Negros Island, Where it all Started
It was an article in the Daily Yomiuri, an English language newspaper in Japan in the summer of 1986 that first alerted the PSHF founder Richard Foster to the famine on Negros island. His first visit to the Philippines in April 1986, just after the fall of President Marcos, had left a huge impression and a deep desire to return in a volunteer capacity.
On January, 1st 1987, Richard flew into Bacolod, the provincial capital, from Manila and stayed in the Sugarland hotel. The hotel was virtually empty of guests. The city was lifeless; there were barely any foreign visitors, other than aid workers teaming up with their local counterparts to set up feeding centres for hungry children. The island was sugar dependent and the world price of sugar had slumped.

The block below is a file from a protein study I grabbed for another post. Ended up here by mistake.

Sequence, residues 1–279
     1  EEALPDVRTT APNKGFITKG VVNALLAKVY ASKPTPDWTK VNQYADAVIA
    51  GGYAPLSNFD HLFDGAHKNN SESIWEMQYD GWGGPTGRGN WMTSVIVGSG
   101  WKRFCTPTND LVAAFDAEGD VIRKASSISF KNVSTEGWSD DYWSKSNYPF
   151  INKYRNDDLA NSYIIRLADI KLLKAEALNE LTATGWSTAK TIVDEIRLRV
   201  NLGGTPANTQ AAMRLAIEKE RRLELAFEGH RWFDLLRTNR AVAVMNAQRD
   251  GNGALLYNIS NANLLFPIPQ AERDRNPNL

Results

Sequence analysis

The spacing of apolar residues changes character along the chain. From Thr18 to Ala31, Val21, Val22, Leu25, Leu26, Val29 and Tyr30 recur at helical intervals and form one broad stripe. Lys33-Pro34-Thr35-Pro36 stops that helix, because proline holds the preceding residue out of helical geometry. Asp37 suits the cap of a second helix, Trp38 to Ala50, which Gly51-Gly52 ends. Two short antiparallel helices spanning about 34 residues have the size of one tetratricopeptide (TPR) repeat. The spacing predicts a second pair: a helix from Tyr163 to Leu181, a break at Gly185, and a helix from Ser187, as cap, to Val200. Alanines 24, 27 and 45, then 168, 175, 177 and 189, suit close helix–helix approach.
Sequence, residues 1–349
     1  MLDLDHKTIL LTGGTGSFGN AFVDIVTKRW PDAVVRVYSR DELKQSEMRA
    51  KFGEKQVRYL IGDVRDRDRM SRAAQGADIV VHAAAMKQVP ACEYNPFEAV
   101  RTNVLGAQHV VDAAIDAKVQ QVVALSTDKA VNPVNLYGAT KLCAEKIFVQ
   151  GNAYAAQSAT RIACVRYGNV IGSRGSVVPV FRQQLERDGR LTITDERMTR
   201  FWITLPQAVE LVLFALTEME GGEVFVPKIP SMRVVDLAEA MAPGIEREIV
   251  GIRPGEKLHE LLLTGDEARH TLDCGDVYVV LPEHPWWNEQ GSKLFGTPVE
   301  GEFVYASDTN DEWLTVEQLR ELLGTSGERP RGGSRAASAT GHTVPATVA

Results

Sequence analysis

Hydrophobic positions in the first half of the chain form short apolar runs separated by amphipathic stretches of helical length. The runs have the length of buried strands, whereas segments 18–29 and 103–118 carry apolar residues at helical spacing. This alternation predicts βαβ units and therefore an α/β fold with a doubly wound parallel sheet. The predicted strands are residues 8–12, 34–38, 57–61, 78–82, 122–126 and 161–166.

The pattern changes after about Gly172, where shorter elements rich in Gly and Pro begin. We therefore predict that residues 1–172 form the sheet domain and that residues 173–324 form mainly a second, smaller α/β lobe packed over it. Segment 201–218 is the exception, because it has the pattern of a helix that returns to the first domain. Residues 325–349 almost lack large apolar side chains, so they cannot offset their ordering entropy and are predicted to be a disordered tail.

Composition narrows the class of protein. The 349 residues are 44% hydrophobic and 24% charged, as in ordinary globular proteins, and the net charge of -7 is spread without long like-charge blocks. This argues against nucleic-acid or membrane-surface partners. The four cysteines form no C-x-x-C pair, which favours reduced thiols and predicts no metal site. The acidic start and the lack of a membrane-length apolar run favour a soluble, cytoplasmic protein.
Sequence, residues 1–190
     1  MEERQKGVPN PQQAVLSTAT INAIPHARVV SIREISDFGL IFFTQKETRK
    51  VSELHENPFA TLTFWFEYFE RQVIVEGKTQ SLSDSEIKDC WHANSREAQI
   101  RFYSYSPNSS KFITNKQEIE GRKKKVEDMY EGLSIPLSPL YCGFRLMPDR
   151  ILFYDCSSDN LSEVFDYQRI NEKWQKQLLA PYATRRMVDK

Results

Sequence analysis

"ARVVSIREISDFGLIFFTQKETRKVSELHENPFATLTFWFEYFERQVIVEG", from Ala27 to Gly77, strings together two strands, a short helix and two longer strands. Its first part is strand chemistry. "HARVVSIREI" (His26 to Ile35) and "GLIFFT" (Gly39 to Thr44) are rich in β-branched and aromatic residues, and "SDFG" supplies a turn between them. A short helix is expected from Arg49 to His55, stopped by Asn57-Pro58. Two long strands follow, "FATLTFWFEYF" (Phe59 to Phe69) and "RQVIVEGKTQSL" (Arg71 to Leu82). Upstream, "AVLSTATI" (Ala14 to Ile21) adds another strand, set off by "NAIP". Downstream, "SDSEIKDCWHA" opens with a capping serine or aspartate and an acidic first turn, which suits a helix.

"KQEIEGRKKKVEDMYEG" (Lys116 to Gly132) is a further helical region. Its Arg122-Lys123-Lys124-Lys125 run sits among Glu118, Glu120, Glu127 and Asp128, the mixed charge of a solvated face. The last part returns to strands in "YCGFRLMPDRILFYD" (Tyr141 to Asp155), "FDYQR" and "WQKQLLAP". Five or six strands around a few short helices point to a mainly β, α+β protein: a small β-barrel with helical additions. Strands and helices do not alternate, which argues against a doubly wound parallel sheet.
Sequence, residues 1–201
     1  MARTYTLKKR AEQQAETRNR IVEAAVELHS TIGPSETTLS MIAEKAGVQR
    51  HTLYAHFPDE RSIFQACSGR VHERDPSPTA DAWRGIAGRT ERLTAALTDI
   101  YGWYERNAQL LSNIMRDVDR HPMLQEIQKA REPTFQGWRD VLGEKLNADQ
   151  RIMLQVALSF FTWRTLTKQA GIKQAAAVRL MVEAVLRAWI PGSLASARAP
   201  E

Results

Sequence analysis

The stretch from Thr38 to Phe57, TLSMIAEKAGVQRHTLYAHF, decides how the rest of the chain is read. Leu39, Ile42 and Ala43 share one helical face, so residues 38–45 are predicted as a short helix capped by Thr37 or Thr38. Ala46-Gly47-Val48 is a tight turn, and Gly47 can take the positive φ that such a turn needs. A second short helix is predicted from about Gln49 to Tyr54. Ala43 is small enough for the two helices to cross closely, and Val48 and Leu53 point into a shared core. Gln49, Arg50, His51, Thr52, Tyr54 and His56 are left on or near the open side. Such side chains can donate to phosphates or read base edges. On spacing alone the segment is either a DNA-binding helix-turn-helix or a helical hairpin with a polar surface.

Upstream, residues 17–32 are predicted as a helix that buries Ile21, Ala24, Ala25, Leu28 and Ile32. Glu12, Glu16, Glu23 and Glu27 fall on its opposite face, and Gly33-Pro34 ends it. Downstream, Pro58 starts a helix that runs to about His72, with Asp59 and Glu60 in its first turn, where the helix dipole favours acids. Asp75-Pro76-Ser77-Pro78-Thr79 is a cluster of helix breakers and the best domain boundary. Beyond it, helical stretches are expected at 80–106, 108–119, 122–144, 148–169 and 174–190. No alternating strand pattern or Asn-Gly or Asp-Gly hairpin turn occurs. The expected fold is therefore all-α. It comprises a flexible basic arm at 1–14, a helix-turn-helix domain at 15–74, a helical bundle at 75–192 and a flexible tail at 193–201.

Richard visited the Bacolod provincial hospital and saw the reality of malnutrition in the expressionless faces of the children in the paediatric ward. The idea for the PSHF started in these same wards. Richard gave 4,000 pesos to Dr. Duenas to lend to two families whose children were in the malnutrition ward. These loans were to be used for livelihood and repaid to enable these same funds to be used to help other families, through a Manila based, Negrenses' NGO run by Dr. Duenas' sister. By the end of that same year, the PSHF had its own office and a coordinator, Elre Ciudad had been appointed.
Two decades on, the Bacolod office has seen many changes in personnel and management but its mission lives on to give poor people opportunities to realise their dreams.